Snow Canyon takes top honors as high school mountain bike season begins in Kamas

Snow Canyon High junior Mason Hansen competes in the Division 2 boys JV race at Kamas, Utah, Aug. 25, 2018 | Photo courtesy of Snow Canyon High Mountain Bike Team, St. George News

ST. GEORGE — The high school mountain biking season got underway Saturday, as approximately 1,200 teenage athletes competed in the Utah High School Cycling League South Region’s first race of the season at Kamas.

Staged at the High Star Ranch, the event featured riders in grades 7-12 grouped into various categories based on their age, skill level and experience. The top varsity riders each completed four laps of the 4.6-mile course, with the best finishers crossing the line in under 90 minutes. Riders in other categories had to complete fewer laps, depending on the race.

Snow Canyon High Mountain Bike team members celebrate the team’s first-place finish among South Region Division 2 schools at Kamas, Utah, Aug. 25, 2018 | Photo courtesy of Snow Canyon High Mountain Bike Team, St. George News

Several Southern Utah teams and athletes fared well in the event.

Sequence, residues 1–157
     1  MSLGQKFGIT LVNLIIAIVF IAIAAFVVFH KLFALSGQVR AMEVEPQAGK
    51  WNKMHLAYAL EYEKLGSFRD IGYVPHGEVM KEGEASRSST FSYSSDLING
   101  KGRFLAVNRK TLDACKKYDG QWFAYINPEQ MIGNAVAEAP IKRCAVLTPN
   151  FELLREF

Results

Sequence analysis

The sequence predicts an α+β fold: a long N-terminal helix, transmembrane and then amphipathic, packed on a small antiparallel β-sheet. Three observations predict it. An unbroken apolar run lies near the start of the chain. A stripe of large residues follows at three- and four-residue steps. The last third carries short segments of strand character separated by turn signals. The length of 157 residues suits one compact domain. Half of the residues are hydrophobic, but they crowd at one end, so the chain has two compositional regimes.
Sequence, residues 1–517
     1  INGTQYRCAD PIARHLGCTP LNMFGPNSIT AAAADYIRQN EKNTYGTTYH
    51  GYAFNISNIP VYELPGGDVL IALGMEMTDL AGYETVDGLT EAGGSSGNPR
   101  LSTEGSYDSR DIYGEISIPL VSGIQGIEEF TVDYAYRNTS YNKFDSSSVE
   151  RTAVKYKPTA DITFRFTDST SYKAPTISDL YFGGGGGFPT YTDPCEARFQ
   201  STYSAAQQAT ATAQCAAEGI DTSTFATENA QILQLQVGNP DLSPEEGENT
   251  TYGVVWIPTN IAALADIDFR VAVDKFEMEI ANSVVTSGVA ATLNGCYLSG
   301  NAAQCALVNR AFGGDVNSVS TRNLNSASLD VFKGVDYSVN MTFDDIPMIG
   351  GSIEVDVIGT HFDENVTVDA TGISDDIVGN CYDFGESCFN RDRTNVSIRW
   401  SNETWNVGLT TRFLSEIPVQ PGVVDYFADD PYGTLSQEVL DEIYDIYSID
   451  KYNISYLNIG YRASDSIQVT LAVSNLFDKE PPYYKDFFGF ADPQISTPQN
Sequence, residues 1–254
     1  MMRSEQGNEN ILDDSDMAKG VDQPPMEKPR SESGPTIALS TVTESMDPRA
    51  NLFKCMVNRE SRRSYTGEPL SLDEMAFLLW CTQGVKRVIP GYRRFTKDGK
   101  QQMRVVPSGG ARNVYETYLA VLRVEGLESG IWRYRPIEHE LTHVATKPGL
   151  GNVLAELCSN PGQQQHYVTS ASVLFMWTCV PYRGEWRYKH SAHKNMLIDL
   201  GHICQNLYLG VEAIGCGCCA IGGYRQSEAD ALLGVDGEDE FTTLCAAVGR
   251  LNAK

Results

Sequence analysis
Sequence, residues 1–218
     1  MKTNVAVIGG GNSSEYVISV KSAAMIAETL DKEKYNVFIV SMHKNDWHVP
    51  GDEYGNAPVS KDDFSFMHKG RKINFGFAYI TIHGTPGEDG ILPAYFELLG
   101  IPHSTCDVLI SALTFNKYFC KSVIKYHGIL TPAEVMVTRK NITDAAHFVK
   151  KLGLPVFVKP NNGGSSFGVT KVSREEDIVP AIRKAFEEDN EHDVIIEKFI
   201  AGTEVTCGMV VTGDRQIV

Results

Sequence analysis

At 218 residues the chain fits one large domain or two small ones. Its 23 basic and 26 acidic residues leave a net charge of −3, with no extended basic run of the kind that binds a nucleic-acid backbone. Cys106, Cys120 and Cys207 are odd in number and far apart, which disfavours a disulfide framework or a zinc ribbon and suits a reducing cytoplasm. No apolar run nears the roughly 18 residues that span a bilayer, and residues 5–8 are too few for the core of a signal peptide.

Snow Canyon High School took first place among the 20 teams in Division 2, with Dixie High placing third. Iron Giants, a composite team from Iron County, took ninth place overall in Division 2. Other Southern Utah schools competing in Division 2 were Hurricane, Crimson Cliffs, Pine View and Enterprise. In addition, Desert Hills High competed in Division 1, placing sixth.

This season marks the first time that several of the Southern Utah teams are competing as individual high school squads. After operating for several years as a combined team known as the Southern Utah Flying Monkeys, the group split up into six high school teams earlier this spring.

Read more: Flying Monkeys bike race team disperses; members to ride for high school teams

Snow Canyon head coach Nate Hansen said his team had several athletes place highly in their respective categories. Parker Christensen, a sophomore, placed first overall out of 80 racers in the Division 2 JV boys category. He completed three laps in 1:12:53. Christensen’s teammate, fellow sophomore Laken Ence, took third in the same category with a time of 1:15:44.

Snow Canyon High Mountain Bike team head coach Nate Hansen and senior Nick Gough pose with trophy after the team’s first-place finish among South Region Division 2 schools at Kamas, Utah, Aug. 25, 2018 | Photo courtesy of Snow Canyon High Mountain Bike Team, St. George News

Also for Snow Canyon, Layla Purdy and Sophie Hafen finished second and fourth, respectively, in the Division 2 sophomore girls race. Fellow SCHS sophomore Kate Wilson placed third in the girls JV race.

Kyler Gibb, a junior at Snow Canyon, was the top varsity finisher from a Division 2 Southern Utah school; he placed fourth out of 29 riders in that race with a four-lap time of 1:30.01.

Other top finishers from Southern Utah teams included the following: